It’s a Family Tradition


Sorry to put a quote from a Hank Jr. song into my blog post title. Not that I’m above a little shit kicking country (I’ve got some old Buck Owens in my CD rotation as we speak) it’s just that you never know what sort of trailer-trash-riff-raff it might attract to 20 Prospect. Although, come to think of it, trailer-trash-riff-raff is a pretty good description of the 20 Prospect clan. Even though we called my Dad’s folks “Ma and Pa”, we weren’t rural hillbilly types. We were brawling, hard drinking, blue collar enthicky types that worked in the factories, and mills of Tonawanda and North Buffalo, and blew the paycheck in the nearest corner bar.

In the case of my Granny (my Mom’s mom) she actually collected her paycheck in the corner bar. In fact, some of my earliest childhood memories are going up to Tonawanda to visit her in the apartment she lived in upstairs of Dick’s Bar, across from the Chevy Plant. She’d take us downstairs where she worked as a bar tender and let me sit on the barstool and drink pop and eat peanuts. So I guess you could say I come by it naturally. You’d better lock the liquor cabinet whenever I get together with my siblings, because we will surely empty it, and our discussion will proceed straight into the gutter.

Take the story behind my current Gravatar for instance.

Can you spot the hidden Mickey?

This is a close up of my forehead. It was taken at my nephew’s wedding reception at Disney World (Yes, my nephew got married at Disney World, someone here got a problem with that!?!) This was about four martinis, and a bottle of Cabernet into the evening. I was sitting at the table with my Bratty Big sister, and my Adorable Nieces, and we were playing “Hidden Mickey”. It was a game we had just invented where my sister was placing the little glitter Mickey’s in her cleavage and asking the cute waiters if they could “find the hidden Mickey”.

Meanwhile my mother was sitting at the table suffering in silence, adding the evening to a long list of offerings she is keeping track of, lest St. Peter miss a few and she fall just short of Gold Elite Martyr status. (Yes, I doubt she even trusts St. Peter to get his job right) She has a point. Even though she’s a conscientious, tea totaling, Saintly Martyr, and my Dad ‘s wild days were over long before they started the family, her children and grandchildren have all got a taste for the demon liquor. But as the title of this post is meant to imply, our taste for booze, and utter lack of taste in everything else, is a long standing family tradition.

When I look back to my grandparent’s generation, I am amazed at just how bat shit crazy they all were. Seriously. Growing up it just seemed perfectly natural that Granny tended bar, and that Pa had a fully stocked bar in his basement, and cases of Whiskey and Brandy in his pantry. Part of the whole fun of going to Ma’s house was to play bartender in the basement with Vernor’s Ginger Ale, and Pepsi, and go through Pa’s amazing collection of brat pack era swizzle sticks from Vegas casinos. (I think the Sahara one’s were the coolest). In fact, the whole basement bar just oozed 1960’s swankiness, right down to the mid 50’s “modern” sectional sofa, lamps and end tables.

Pa died when I was little, and Ma didn’t drink, so for most of my childhood those bottles of Corby’s and Three Feather’s Whiskey, just sat there gathering dust. (As I said before, back then I was a Black Velvet man). Since Ma didn’t drink, the booze meant nothing to her, and it was her standard practice to fill the punchbowl at the holidays with 2 cans of Hi-C and a fifth of whatever was handy. Usually this was a bottle of Pa’s whiskey. This being the 70’s, the parents were content to let the kids drink from the punchbowl, so unbeknownst to us, that slightly tart stingy taste in Ma’s fruit punch was making us little kids drunker than skunks. No wonder we usually fell asleep in the living room shortly after dinner.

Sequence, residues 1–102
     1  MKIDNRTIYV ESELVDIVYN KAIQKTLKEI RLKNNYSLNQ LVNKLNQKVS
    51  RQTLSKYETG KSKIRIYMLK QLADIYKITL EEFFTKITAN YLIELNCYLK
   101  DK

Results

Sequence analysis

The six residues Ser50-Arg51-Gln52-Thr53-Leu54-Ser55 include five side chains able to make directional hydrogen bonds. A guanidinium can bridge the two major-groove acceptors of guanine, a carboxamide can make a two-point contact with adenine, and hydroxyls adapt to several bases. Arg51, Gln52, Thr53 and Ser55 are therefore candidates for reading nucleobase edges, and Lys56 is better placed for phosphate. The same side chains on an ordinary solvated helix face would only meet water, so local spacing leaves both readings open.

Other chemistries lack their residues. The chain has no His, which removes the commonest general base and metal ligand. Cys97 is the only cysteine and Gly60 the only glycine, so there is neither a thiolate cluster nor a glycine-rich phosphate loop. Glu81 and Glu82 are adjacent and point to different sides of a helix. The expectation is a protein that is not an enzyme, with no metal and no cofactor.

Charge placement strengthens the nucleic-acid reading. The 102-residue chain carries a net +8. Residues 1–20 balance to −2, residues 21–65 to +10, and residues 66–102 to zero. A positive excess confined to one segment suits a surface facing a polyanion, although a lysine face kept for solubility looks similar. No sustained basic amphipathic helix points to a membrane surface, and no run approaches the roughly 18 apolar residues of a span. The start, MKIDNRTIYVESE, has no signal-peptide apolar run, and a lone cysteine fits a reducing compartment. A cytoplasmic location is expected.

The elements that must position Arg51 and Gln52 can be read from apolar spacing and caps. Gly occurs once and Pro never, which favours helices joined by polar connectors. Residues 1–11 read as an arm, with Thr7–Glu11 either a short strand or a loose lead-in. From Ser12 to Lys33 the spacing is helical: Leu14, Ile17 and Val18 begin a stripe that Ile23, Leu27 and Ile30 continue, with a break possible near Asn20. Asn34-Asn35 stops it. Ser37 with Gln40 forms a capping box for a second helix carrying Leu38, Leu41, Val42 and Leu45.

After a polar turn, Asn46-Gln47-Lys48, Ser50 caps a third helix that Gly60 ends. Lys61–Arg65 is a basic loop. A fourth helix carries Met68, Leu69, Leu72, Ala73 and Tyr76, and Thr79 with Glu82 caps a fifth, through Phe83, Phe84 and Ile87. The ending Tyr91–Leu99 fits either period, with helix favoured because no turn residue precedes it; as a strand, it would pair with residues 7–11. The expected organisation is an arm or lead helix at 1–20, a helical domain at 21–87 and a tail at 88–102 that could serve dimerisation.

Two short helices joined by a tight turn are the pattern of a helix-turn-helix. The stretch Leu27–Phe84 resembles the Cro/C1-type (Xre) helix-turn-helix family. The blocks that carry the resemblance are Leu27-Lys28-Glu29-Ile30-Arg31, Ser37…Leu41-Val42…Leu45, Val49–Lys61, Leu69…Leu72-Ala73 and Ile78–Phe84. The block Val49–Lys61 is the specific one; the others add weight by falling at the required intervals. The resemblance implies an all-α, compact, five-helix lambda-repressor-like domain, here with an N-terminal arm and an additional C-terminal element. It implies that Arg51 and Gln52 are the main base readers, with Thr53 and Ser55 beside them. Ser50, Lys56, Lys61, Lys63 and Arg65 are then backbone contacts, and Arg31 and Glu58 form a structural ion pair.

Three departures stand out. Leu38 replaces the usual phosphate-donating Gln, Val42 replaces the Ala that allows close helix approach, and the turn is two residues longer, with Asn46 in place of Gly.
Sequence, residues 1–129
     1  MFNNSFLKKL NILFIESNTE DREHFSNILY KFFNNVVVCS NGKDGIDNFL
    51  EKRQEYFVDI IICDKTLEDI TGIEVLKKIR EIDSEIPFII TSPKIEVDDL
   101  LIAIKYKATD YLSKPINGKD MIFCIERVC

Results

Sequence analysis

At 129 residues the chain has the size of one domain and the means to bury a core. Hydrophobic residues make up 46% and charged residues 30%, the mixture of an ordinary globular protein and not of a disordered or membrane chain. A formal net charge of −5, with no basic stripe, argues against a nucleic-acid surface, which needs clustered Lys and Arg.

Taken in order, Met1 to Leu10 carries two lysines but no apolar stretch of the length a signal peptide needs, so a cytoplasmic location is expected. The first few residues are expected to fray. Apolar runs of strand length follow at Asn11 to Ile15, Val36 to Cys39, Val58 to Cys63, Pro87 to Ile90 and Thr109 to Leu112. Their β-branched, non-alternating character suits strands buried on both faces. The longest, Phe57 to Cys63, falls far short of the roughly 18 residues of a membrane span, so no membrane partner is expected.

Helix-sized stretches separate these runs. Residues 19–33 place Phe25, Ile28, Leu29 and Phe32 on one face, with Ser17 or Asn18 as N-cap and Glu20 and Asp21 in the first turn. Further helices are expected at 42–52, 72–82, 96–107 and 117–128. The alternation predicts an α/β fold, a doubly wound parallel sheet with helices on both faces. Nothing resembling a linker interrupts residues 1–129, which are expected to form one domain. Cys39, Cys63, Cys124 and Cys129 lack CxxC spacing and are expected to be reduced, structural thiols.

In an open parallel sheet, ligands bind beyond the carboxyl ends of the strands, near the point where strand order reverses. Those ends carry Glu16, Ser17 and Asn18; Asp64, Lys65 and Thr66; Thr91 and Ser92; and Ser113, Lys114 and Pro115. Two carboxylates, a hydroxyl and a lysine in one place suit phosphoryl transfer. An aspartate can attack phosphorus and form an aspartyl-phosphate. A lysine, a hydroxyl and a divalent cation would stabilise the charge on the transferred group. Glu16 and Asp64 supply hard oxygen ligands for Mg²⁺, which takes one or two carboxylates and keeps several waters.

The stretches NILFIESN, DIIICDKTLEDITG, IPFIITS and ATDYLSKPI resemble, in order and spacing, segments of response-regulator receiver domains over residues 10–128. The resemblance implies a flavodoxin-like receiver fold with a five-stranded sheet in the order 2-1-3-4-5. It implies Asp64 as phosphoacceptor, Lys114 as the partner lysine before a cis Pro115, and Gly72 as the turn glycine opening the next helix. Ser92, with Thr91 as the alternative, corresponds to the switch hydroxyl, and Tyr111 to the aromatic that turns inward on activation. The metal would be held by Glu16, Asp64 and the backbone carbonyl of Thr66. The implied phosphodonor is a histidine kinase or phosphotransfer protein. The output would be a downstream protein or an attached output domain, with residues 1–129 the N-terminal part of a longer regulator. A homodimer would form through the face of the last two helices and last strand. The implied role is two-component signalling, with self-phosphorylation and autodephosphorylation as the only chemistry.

You think I’m kidding? Sigh…

Granny moved in with us in the mid 70’s, when she was diagnosed with Emphysema. She slept on a roll away bed in our front living room, and spent her days hooked up to the oxygen tank, sitting in the recliner, crocheting doilies, watching soap operas, and sneaking cigarettes in the downstairs bathroom. Whenever one of my siblings graduated (which was an almost annual occurrence between 1976 and 1980) what was left of her 12 siblings and their kids would come to the party. There would be cases of Genny Cream ale, and packs of cigarettes smoked as they sat at the picnic tables playing Euchre and telling stories. As we got older, we came to understand that they edited out the good parts when we were in ear shot.

When my big bruddah came to visit this summer we sat out on the back porch drinking, and reminiscing. We began adding up the out of wedlock births, bizarre living situations, and bachelor uncles that we never really questioned until years later. Like “Uncle” Bobby.

Uncle Bobby wasn’t anyone’s Uncle, but he lived with Ma & Pa for our whole lives. He had his own bedroom, right between Ma’s and Pa’s, in the three bedroom ranch in Tonawanda. I think he originally had been a friend of Pa’s from his army days, but after Pa died, Uncle Bobby just stayed on living there with Ma as her roommate. Whenever we visited he sat in his recliner in the living room, while Ma puttered away in the kitchen. The men would sit around the TV discussing the latest Bills loss, or layoff at the Chevy plant, while the women pitched in with the cooking, and the kids went downstairs to play bartender. It never struck us as funny that Uncle Bobby was there. He had always been there, listening to his Don Ho eight track tapes, or watching the Bills game on Sunday afternoon.

Dad’s side of the family was the stable German & Croatian mix. Mom’s was the crazy Irish, and French-Italian mongrels that bred like rabbits, and always seemed on the edge of respectability. Assuming that we only know about 10% of all the crazy stuff that their generation did, we were amazed at what professional hell raisers they must have truly been.